Racism and sexism describe systems of institutional oppression. These concepts refer to the inequity and life chances that stem from racial and gender relations. These are not insults to be flung at someone who is analysing social inequality. For example, using racism as an insult takes an individual perspective on institutional oppression. It turns racism into the property of individuals that may be subjectively defended ("I don't think this is racist!"). It therefore denies the social processes that support discrimination at work, school, the criminal justice system, in public spaces and in private life.
The decision to publish about racism, sexism and other forms of social injustice may not be surprising given I'm a sociologist. I have researched and published on these issues (you can read my work on my personal site: http://goo.gl/YkJUPw). I have taught these subjects at university. I have also conducted research on these matters for social policy when I worked in public service. Yet most of this work was for "internal" audiences, in the case of academia, and for semi-public Government audiences. Both of these lines of work are largely closed off to the public due to access. Until I increased my social media, my academic papers were sitting behind a paywall or delivered at academic conferences. A couple examples of my Government work are published but most are reports and workshops that were delivered to clients and stakeholders.
Publishing on these issues for public audiences, via my blogs and social media, has come at a price. I am expected to put up with public abuse.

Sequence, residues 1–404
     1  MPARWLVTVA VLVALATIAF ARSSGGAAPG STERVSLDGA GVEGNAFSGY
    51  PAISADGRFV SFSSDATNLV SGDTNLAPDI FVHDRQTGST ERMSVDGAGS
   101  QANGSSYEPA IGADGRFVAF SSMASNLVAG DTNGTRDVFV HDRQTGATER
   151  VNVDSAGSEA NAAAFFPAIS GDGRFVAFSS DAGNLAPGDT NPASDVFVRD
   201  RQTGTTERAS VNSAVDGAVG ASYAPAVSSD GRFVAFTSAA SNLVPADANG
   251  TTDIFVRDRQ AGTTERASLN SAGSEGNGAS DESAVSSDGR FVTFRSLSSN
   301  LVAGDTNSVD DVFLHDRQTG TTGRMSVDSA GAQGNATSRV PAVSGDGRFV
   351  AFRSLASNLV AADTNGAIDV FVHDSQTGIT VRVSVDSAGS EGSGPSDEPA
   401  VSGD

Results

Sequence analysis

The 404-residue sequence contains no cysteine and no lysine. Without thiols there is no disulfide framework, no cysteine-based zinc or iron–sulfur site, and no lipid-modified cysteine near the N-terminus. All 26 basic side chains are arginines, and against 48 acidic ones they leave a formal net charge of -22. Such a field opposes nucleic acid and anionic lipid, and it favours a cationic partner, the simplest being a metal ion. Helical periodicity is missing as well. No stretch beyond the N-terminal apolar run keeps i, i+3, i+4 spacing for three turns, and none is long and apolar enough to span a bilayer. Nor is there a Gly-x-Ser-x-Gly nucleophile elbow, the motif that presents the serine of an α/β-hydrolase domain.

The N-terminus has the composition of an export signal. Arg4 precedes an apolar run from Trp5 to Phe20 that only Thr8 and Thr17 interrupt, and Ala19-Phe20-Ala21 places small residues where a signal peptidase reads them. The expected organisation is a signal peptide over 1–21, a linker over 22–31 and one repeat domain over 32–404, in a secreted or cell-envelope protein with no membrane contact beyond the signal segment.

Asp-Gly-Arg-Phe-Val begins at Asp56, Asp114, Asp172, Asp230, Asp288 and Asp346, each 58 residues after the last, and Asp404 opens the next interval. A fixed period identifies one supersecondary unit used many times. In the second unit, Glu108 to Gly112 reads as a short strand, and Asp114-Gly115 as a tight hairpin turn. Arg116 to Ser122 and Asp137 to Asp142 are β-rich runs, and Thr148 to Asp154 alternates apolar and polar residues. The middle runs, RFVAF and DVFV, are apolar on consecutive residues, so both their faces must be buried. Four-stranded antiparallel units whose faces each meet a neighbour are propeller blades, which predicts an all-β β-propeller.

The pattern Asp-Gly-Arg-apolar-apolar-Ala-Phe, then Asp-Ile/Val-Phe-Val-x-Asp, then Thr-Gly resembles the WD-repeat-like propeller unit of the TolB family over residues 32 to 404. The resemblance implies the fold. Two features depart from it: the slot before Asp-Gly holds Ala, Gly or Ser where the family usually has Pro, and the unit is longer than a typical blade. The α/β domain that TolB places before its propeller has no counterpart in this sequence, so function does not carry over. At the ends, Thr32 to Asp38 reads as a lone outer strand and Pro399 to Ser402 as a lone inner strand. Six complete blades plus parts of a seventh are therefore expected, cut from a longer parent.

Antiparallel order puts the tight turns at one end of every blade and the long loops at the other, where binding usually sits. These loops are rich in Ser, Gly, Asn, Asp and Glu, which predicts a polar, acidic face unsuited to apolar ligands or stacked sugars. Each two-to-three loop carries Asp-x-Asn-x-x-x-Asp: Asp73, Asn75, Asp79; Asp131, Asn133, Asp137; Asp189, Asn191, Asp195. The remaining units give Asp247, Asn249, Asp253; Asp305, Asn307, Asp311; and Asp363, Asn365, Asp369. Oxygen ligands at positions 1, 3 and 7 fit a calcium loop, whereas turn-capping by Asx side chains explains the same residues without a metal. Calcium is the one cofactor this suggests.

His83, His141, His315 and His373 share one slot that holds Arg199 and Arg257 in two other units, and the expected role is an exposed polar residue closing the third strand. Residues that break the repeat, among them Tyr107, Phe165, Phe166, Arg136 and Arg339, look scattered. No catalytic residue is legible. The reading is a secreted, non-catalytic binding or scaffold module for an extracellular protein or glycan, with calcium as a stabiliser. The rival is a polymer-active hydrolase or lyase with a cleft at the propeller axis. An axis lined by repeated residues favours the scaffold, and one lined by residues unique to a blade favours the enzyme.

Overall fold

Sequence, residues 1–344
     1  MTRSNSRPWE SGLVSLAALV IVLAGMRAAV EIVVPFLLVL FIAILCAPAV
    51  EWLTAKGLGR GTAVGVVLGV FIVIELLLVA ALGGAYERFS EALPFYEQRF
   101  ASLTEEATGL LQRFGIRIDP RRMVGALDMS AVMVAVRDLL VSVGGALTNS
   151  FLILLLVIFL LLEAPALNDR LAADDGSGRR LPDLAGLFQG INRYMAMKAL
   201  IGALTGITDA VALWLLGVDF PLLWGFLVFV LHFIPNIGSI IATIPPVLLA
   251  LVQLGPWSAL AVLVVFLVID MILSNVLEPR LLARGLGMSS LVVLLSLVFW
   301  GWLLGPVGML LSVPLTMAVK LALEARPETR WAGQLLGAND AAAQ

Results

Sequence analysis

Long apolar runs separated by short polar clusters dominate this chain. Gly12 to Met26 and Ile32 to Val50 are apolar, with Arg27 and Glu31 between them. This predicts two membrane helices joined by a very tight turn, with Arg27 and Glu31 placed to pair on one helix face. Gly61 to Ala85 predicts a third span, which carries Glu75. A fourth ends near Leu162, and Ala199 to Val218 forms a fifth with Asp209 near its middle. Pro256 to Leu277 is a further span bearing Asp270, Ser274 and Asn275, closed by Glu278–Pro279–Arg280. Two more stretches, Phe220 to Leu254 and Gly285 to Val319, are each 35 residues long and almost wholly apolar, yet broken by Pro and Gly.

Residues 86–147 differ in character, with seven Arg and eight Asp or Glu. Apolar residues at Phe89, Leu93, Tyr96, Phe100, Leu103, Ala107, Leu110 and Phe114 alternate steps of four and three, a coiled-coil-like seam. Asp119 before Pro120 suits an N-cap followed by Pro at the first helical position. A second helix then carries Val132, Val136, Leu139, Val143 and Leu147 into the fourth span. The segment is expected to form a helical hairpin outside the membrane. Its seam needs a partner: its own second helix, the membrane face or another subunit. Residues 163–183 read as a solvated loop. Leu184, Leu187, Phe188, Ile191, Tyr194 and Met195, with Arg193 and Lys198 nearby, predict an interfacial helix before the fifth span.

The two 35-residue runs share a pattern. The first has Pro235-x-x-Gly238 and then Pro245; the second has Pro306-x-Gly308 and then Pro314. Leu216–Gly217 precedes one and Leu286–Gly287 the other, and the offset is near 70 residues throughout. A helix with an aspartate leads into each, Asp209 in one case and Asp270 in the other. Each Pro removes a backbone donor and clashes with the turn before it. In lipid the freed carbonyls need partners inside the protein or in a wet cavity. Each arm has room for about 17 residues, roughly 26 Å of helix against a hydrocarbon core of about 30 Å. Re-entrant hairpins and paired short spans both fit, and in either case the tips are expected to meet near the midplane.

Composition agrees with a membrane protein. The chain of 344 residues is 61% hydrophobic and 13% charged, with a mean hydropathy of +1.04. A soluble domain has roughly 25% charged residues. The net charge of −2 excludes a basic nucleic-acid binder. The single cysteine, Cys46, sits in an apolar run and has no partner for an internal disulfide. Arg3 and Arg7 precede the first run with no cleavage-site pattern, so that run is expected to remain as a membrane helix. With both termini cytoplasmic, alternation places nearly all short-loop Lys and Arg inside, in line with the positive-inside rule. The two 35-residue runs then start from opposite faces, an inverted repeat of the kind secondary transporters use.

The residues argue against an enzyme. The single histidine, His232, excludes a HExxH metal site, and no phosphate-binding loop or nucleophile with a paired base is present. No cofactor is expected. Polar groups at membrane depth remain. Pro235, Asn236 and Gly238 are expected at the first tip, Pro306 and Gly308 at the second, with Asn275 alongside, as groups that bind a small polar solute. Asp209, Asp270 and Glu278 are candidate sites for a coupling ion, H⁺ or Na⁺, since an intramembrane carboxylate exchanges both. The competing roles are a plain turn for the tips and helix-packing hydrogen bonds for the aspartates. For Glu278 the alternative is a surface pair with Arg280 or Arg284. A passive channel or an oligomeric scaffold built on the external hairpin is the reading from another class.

The Personal Costs of Harassment
I identify as a woman of colour, and more specifically as a migrant-Australian and Latin-Australian woman. The abuse I face publishing about these issues for public audiences carries an additional personal weight, as this abuse echoes the discrimination I have faced throughout my life. Racism and sexism happens in academia and in public service, but it is not expected, condoned or thought of as just "part of the job." The law is explicit: I shouldn't go to work expecting abuse.
Just as it's unacceptable to allow racism, sexism and other hate speech for any public or private interaction, it is not okay to normalise this discrimination as part of blogging, social media and other public science outreach.
While in the past I deliberated leaving abusive comments on my blogs to show the belligerence of those people, I reflected on the impact of engaging with this abuse. Not only does it come at a personal cost to me, it only incites the abuser to continue thinking it's okay to keep hurling insults. They aren't there to engage with my arguments by reflecting on the research I present. They are there to hurt me and to try to silence me into not speaking out on these issues. They bank on other high profile cases of women who have been abused (e.g. Anita Sarkeesian http://goo.gl/W9Eww0) or otherwise bullied out of public engagement.
Ultimately, I don't allow these posts because these people want to use me to amplify their social privilege. My writing angers them because they don't like having their social position questioned. The very fact that sociology threatens their privilege shows that sociology and other social sciences are important to undoing White male privilege.
Keeping this sociology behind closed doors of academia is a disservice. I've tried to encourage sociologists to join me on social media but they say they are scared of having to face abuse. It's certainly not pleasant. But writing about sociology for public consumption helps to break down the normalcy of sexism and racism. Talking about how to better manage this abuse is important. Abuse has real consequences. For me, I've had to manage how I feel about reading comments that remind me of the abuse and social exclusion I've faced my entire life.